Don’t Miss the trolleybus
The only way to cruze in Russia: the trolleybus!
It costs two rubles, and goes all over the city. It doesn’t pollute and no
one argues with it. What could it be? A trolleybus, that’s what!
and most Russian cities, are crisscrossed by trolleybus lines, buses that
are powered by electric motors connected to parallel wires hung from
poles/buildings, and anything else that is handy. You can see the tale-tail
signs of a trolleybus stop. There might be a group of people just standing
around, waiting, and only if you look closely, will you see the little yellow
sign that denotes which trolleybus comes at what interval. Other stops have
a real bus stop feel, with a little shed offering protection from rain and
snow. Only in Moscow have I see, new Western bus stops, and then, only
sporadically in the center.
You see the bus, but where is the stop?
The trolleybuses are quiet as they approach, but they do have a distinctive
sound. A whine and an occasional clunk is the best way to describe it. The
drivers open the doors at each stop, so there is no need for a buzzer or
chime to alert him to your desire to depart, and he will sell you a ticket
if you need one, albeit at a 50 kopeck markup.
I usually am wandering around on the weekends, so seats are plentiful, but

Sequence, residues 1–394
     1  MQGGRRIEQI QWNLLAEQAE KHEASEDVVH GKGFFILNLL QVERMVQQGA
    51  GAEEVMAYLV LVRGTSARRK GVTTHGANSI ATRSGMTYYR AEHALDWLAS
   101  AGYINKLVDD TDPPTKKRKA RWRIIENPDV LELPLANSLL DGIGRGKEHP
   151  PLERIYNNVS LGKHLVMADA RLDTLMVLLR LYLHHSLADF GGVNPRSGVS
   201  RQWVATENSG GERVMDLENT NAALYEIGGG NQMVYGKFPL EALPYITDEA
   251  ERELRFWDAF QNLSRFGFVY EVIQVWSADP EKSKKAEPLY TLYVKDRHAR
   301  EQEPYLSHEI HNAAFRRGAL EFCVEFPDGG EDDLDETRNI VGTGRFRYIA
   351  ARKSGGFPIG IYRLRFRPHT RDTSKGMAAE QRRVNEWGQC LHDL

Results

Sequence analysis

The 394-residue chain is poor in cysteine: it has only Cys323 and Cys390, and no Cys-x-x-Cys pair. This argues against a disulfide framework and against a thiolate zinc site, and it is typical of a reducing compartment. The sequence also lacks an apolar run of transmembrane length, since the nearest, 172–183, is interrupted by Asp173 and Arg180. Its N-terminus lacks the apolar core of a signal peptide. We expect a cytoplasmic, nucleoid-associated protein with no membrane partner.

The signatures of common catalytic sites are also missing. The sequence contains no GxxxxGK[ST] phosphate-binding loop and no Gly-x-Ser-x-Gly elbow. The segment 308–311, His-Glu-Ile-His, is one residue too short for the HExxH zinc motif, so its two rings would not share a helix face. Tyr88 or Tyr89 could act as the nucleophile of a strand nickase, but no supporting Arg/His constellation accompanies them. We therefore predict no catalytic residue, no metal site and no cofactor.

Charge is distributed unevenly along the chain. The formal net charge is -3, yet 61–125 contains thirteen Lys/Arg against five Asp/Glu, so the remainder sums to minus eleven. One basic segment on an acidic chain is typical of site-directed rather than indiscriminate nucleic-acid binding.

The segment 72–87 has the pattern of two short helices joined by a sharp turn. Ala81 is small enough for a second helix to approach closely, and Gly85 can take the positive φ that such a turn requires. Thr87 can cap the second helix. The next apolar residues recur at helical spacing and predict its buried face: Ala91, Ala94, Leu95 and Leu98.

that’s not the case during the week. I’ve seen trolleybuses packed as to make
me wonder how the doors can open, much less get another person in the thing.
I remember doing a James Brown imitation on one bus when I was here in 1996.
I was fully loaded with a big backpack, but the bus was so packed, I was
able to levitate! Yes, I picked my feet off the floor, and the pure crush
of humanity kept me from falling down.
The only problem with the buses, is their speed.
Since they can’t go that fast without overheating, you never get anywhere
too fast. Oh, and in each direction from my house, there is a driver check-in,
where the drivers get to jump out and stretch their legs as they have their
log books stamped. If I’m taking the trolleybus, its usually because I have
a bit of time on my hands and I want to think as I stare out the window,
so I don’t mind all that much.
Sometimes, if the driver is not careful, the long arms that stretch up to
the electric wires will slip off, and the bus will come to a stop. Then,
in an odd show of skill, the drives will use ropes to put the arms back into
place. I always like the way they will put on thick gloves before they deal
with the ropes, so they can keep their hands clean. Other than that, I don’t
envy their jobs. They don’t check tickets, Russian transport operates on
the honor system with anonymous fare checkers to keep us in line, eliminating
the human contact that adds spice to the job. Also, I don’t think they get
to vary their routes much, I’ve seen the same driver do the same route for
months at a time!